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Nitrogen fixation for crops


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Nitrogen fixation for crops

ICL Innovation seeks novel materials, biological and technological innovations relating to nitrogen fixation for use as a nutrient in crops.

We are interested in

  1. Modified natural mineral or synthetic organo-metallic complexes for the photo-fixation of nitrogen from air at ambient temperature and pressure
  2. A biomimetic system for the fixation of nitrogen from air in ambient temperature and pressure that can be added to crops either through the roots or through foliar application
  3. Biological solutions such as foliage dwelling bacteria, or endophytes, with enhanced nitrogen fixation and delivery capabilities


The biological enzyme nitrogenase is nature’s way of catalyzing nitrogen fixation from the air. Nitrogen is unavailable as such for plants and therefore requires a symbiotic process. In legumes, as an example, this is achieved through symbiosis with a bacteria called Rhizobium that synthesizes the nitrogenase enzyme. Nitrogen is then reduced to Ammonia and used for a host of growth and life sustaining processes, notably photosynthesis. When approaching the subject of mimicking this natural process two routes come to mind: photo-fixation on the leaf and a chemical process in the rhizosphere- the area surrounding the roots. As our objective is to address the nitrogen needs of the plant, production rate is small, and needn’t compete with such industrial processes as Haber-Bosch in efficiency and volume. It is only required to provide the plant’s needs, or part thereof. By doing this, ICL Innovation hopes to address a pressing environmental concern, namely the nitrification of N-fertilizers in the soil and their run-off to fresh water streams. We encourage a fresh thinking process that focuses on the plants environment and the ways to enrich it with this most needed of nutrients: Nitrogen.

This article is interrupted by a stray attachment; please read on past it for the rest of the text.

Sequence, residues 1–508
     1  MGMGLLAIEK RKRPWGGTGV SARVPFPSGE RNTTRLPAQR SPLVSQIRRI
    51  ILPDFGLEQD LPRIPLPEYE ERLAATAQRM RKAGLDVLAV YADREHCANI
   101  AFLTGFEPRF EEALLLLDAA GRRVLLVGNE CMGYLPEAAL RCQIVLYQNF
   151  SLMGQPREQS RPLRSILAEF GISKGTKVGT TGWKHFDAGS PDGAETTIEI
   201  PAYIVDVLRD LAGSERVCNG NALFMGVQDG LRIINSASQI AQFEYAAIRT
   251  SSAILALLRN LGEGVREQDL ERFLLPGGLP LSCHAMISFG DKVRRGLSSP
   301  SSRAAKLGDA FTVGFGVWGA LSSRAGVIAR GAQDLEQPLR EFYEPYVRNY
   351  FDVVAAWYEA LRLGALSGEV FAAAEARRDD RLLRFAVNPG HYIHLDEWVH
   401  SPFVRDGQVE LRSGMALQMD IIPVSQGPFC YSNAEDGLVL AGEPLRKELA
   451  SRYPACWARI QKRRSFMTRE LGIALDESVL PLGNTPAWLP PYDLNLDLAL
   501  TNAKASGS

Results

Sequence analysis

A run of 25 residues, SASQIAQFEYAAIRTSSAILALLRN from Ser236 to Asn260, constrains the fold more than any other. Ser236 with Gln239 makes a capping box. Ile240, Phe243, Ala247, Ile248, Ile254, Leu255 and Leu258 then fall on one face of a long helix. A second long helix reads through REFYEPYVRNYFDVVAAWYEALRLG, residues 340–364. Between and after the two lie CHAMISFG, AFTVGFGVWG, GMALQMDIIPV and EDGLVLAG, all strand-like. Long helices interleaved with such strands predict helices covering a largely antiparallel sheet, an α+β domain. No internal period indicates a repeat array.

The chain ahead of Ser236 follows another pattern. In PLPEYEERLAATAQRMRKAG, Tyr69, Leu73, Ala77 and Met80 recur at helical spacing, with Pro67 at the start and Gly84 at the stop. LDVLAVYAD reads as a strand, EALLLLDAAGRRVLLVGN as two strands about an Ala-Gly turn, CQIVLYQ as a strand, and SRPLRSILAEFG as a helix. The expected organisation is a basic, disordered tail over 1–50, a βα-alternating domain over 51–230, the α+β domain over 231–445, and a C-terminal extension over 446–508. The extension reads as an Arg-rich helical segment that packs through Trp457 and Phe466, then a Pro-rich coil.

Our criteria

  1. N2 production rate of 10-9 – 10-8 mole*sec-1*cm-2 electrode surface of ammonia or a substantial part of the plant's N need
  2. Required concentration in a fertigation system should be 20-200ppm in irrigation systems with flow rates of 2-8m3/Hour/Hectar
  3. Cost- total usage cost should be lower than using urea
  4. Compliance with current and anticipated regulations
  5. Ease of manufacturing

Information on ICL's current product line for slow release and controlled release fertilizers can be found in the ICL Specialty Fertilizersweb page. As a technology incubator, ICL Innovation is looking only for innovative technologies that may be further developed and commercialized through a business unit in ICL.

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